Questions/Comments?Contact Us

« Previous | Main | Global Sustainability and Environment Blog Launch Next »

Global Architecture and Design in Berlin

Study Architecture and Design in Berlin


Berlin is a dynamic city, shaped by a unique history, with an unequivocal propensity for growth and change. Berlin has endured two world wars and 30 years of division. But the destruction and separation also unearthed immense opportunity. Since reunification, the city of Berlin has been undergoing one of the most complex urban transformations in the whole of its turbulent history. Prior to reunification, Berlin was defined by starkly contradictory themes of urban development. This legacy resulted in disparate economic, infrastructure, and spatial conditions. Today, Berlin has emerged as a unique cultural hub for both Eastern and Western Europe and is developing into its role as a global city. Berlin lacks the dominant themes found in its European counterparts (Paris, London, or Rome), and is instead characterized by layered architectural history, divergent planning strategies, and checkered density. These conditions have proved fruitful, as community development cultures, sustainable development, and innovative and dynamic uses and spaces have filled in. Celebrated masterpieces by leading architects and innovative public spaces populate former vacancies in the urban morphology. Ongoing development is the subject of healthy debate driving the global discourse in sustainable and socially responsible architecture and planning.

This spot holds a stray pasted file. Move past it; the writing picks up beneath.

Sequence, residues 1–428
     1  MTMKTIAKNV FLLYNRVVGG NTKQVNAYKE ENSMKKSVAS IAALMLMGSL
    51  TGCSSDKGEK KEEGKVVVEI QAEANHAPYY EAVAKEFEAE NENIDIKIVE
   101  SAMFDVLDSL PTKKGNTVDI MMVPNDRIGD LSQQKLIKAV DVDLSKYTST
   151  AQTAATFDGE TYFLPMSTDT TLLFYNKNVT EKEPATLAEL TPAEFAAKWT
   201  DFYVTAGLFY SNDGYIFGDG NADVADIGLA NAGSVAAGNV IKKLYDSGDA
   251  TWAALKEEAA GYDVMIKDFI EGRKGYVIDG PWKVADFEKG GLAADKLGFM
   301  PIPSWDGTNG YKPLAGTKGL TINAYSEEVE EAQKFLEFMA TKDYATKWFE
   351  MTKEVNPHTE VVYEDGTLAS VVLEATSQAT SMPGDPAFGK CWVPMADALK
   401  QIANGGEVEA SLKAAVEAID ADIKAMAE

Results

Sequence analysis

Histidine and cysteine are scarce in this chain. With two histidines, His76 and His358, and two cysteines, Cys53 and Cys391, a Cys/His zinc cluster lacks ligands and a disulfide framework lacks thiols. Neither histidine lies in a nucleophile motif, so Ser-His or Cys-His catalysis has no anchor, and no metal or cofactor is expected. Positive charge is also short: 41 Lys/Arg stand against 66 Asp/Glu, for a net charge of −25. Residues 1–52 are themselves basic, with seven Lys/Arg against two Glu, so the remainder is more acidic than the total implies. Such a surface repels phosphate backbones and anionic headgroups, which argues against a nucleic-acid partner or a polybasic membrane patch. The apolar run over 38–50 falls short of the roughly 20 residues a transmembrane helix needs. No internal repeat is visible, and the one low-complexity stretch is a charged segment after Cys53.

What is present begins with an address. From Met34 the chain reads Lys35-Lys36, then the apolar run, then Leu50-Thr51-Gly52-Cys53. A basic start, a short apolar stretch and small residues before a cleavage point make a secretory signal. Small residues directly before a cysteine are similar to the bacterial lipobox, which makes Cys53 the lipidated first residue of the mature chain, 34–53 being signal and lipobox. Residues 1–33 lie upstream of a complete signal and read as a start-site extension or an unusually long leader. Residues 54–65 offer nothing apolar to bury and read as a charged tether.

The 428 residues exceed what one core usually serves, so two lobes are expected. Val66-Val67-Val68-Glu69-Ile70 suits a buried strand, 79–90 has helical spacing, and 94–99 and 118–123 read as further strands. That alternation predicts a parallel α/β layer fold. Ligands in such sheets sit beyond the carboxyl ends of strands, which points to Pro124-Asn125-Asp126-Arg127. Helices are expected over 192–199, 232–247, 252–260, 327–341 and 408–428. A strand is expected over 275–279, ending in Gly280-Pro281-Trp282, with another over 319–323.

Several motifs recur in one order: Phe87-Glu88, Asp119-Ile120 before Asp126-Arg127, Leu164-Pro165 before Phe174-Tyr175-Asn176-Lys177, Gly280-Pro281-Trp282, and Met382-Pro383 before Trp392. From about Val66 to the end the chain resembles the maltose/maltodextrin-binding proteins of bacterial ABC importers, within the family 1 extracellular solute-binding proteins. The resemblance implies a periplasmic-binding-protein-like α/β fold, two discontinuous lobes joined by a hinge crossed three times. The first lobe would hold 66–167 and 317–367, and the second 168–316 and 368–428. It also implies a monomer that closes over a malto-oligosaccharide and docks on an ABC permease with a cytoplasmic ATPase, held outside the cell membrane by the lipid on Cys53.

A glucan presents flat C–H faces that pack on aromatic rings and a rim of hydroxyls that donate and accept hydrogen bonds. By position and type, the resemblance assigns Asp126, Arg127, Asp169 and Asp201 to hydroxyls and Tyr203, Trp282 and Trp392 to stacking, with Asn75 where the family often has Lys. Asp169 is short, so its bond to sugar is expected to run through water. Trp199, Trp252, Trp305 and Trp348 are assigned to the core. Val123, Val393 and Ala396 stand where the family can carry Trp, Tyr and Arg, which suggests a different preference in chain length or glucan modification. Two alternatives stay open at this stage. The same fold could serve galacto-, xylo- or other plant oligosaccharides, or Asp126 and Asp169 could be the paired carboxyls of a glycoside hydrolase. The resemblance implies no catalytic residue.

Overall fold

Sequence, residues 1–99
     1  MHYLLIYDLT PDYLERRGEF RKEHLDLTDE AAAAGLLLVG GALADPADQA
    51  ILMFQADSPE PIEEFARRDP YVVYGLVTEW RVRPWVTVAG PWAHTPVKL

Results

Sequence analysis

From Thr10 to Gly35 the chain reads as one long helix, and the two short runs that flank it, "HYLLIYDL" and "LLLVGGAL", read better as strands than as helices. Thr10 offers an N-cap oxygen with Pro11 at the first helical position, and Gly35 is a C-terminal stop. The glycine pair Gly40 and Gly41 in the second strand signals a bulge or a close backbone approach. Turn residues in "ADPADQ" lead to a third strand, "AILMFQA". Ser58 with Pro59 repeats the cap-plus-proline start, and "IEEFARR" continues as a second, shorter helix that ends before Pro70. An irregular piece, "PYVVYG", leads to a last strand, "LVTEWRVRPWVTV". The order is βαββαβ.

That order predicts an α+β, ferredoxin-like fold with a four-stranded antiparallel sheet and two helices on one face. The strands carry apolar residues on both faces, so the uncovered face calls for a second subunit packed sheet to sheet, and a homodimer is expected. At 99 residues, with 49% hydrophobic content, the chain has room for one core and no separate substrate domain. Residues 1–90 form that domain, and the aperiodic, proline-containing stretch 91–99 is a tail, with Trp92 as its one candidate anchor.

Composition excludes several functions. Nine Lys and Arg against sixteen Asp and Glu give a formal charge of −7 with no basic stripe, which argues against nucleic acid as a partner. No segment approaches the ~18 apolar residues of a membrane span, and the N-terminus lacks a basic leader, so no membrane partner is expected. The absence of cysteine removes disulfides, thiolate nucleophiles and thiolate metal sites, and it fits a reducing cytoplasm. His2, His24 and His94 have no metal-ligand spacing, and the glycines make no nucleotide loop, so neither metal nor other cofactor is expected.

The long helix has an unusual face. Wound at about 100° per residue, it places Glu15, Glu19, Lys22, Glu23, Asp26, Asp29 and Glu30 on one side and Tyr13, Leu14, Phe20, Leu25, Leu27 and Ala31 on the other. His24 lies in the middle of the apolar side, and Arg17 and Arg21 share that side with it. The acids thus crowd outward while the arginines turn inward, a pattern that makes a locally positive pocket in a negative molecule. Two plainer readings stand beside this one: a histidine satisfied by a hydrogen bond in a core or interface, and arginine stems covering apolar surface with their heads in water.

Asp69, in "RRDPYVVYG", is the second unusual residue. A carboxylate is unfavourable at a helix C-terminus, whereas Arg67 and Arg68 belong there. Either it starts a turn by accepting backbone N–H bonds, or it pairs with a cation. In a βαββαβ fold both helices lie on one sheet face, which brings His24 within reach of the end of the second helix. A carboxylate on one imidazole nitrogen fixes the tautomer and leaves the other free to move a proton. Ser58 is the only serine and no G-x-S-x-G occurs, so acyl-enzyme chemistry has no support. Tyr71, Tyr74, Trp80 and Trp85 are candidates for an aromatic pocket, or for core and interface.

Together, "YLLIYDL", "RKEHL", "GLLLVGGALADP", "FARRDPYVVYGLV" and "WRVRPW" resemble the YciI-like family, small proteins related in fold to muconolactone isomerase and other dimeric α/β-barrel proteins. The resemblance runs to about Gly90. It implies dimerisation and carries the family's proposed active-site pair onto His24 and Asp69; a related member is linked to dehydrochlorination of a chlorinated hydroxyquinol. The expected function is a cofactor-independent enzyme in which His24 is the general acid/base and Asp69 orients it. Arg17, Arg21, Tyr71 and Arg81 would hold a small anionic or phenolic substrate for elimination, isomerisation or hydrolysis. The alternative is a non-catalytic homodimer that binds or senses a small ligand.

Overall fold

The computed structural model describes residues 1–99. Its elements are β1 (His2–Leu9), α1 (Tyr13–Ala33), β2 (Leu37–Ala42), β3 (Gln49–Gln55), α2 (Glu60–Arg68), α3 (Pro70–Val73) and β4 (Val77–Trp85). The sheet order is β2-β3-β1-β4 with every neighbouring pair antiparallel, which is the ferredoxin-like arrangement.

Berlin as a Laboratory

The conditions of the 20th century uniquely position Berlin for experimental urbanism. The cities’ many vacant buildings and spaces are being populated an empowered creative class. Radical adaptive reuse projects range from arts and culture, to local renewable energy generation and research. DIY projects; community built and operated gardens, parks, event spaces, and even occupied settlements have also taken root, functionally changing the practice of public space making.


In Berlin students witness the dynamic, changing urban landscape first hand, but more importantly engage the city, its people and projects, and even make a contribution.Students learn from local practicing architects, urban designers, and planners in coursework that is relevant to the city of Berlin. This coursework is enriched by local and regional architecture tours and community planning workshops, as well as hands-on design-build workshops.


Study Tours

Students are guided through Berlin and the region to internationally celebrated projects including the Reichstag Dome, by Foster and Partners, Federal Chancellery by Schultes Frank Architects, the Holocaust Memorial by Eisenman Architects, Potsdamer Platz planned by Renzo Piano Building Workshop, and many others.


Berlin coursework also engages exciting new projects including the creative housing and culture cooperatives Spreefeld and Holzmarkt, the Tempelhof Airfield Park and site of the Berlin Airlift, the EUREF renewable energy campus, and others.

Students travel to Hamburg and Prague or Barcelona. Visits include the largest construction project in Europe HafenCity and the International Building Exhibition Projects including the Elbpilharmonie by Herzog & De Meuron and BIQ Haus by Splitterwerk and ARUP. Students also travel to Bauhaus in Dessau, and visit other Global AD students in Barcelona or Prague.